Great, definitive biographies are rarely written by their subjects' contemporaries. Generations often pass before sufficient evidence can be amassed, analyzed, and written into a narrative by a skilled and dispassionate biographer.

The supreme leader of the Muslim Brotherhood, the head of the Islamist snake, Muhammad Badie—who had slipped security forces by traveling in and out of the Brotherhood torture camps (known as "peaceful sits ins" by the mainstream media")—has finally been arrested in Egypt and is awaiting trial.

With the ousting of Muhammad Morsi and the Muslim Brotherhood in Egypt, al-Qaeda has been vindicated and the terror-jihad exonerated, in the opinion of many Islamists, that is.

Days ago, al-Qaeda's Egyptian leader, Ayman Zawahiri, portrayed the overthrow of Muhammad Morsi and the Brotherhood as a "Crusader" campaign led by Coptic Pope Tawadros II who, according to Zawahiri and other terrorists, is trying to create a Coptic state in Egypt.

In a post for Jihadology a few weeks back, I identified how the Islamic State of Iraq and ash-Sham (ISIS) was playing an important role in the fighting on the outskirts of the city of Aleppo and in the surrounding countryside.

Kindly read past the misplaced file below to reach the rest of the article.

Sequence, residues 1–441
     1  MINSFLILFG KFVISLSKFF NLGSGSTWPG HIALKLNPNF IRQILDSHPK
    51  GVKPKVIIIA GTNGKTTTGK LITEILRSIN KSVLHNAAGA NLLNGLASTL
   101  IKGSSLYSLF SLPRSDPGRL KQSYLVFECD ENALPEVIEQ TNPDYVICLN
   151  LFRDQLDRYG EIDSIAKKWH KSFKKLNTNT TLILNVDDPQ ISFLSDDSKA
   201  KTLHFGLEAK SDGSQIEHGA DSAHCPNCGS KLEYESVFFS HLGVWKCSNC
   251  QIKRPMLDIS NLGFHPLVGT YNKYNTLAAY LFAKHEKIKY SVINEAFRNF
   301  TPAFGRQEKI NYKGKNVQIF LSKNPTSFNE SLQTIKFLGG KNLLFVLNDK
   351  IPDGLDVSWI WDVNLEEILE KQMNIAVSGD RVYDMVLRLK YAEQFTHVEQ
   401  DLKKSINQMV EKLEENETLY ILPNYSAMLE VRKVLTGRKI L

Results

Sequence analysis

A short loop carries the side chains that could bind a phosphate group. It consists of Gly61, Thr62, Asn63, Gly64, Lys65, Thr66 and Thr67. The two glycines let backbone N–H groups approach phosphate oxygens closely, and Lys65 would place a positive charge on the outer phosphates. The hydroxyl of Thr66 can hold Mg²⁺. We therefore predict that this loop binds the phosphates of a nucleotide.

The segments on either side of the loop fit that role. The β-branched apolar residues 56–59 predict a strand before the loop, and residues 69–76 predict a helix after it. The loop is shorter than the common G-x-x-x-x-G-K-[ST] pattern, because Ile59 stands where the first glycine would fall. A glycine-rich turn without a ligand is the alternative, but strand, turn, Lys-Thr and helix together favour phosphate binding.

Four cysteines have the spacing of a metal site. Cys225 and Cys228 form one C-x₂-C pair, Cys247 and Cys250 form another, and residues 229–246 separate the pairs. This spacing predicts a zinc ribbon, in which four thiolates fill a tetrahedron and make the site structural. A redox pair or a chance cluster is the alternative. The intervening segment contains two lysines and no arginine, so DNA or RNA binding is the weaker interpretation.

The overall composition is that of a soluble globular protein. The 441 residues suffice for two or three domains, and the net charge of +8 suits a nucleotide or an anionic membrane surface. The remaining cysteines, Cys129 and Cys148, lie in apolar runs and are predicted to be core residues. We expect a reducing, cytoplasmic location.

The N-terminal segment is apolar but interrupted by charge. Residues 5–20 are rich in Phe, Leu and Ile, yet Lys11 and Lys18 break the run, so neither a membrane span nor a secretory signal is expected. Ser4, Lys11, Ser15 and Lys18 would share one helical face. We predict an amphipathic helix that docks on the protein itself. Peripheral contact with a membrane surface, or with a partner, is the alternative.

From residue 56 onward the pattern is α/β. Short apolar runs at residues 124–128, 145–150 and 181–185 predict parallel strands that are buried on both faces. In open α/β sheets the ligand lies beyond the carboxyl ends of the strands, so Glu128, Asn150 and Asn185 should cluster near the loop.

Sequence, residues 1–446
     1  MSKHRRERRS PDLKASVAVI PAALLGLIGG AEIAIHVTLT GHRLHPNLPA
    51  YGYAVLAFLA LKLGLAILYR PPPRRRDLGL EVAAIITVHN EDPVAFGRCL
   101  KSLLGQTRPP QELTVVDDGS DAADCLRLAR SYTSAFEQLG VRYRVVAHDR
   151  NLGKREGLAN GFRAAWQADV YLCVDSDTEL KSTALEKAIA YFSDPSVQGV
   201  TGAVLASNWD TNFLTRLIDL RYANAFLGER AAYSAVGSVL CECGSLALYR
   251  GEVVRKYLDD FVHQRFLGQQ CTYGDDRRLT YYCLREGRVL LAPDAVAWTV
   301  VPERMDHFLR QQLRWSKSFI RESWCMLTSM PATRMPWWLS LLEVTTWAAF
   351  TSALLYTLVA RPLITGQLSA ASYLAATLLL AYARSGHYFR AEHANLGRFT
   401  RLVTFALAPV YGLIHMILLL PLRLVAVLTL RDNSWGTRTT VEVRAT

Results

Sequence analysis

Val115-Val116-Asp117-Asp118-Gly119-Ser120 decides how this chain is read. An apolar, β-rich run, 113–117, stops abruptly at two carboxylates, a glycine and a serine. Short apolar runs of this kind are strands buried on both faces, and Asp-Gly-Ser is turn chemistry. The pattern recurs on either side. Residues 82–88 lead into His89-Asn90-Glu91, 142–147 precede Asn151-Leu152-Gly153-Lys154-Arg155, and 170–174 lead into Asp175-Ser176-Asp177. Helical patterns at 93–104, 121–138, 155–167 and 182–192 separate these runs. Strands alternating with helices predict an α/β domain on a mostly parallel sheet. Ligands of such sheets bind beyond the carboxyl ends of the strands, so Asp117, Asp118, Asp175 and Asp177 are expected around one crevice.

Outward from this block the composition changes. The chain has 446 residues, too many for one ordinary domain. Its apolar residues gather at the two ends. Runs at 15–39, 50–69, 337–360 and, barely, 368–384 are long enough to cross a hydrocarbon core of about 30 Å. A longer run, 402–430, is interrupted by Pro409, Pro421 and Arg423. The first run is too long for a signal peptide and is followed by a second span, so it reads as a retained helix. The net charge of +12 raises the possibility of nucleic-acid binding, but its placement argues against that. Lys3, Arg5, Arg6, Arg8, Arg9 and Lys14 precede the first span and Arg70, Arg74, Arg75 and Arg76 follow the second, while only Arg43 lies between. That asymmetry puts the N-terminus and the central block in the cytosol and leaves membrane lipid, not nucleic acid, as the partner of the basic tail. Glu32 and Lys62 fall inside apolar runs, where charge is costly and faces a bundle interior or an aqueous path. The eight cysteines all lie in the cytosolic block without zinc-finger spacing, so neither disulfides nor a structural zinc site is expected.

In August 2012 Boko Haram reportedly hacked the personnel records databases of Nigeria’s secret service.  The individual who successfully compromised the covert-personnel data system indicated the breach was executed in the name of Boko Haram and as a response to Nigeria’s handling of interactions with the group

The Boston bombing has refocused public attention on a steadily growing phenomenon the Obama administration has been trying to sweep under the carpet: domestic Islamist terrorists whose familiarity with American culture makes them more difficult to detect prior to their acts of terror.

On May 25, a 21-year-old soldier named Cédric Cordiez was stabbed in the neck in the La Defense district of Paris. He survived, but the aggressor's intention was clearly to kill him (possibly even to sever his head). Four days later, a suspect referred to as Alexandre D., a 22 year-old-convert to Islam, was arrested. He confessed to having acted "on religious grounds."

The terrorist attack in Benghazi is far more disturbing than previously thought. Although it has not been reported in the U.S. media, the possibility exists that the Egyptian government may have played an operational role in the attack.

Last week in London, two Muslim men shouting jihad's ancient war-cry, "Allahu Akbar" beheaded a British soldier with a cleaver—in a busy intersection and in broad daylight. They boasted in front of passersby and asked to be videotaped.

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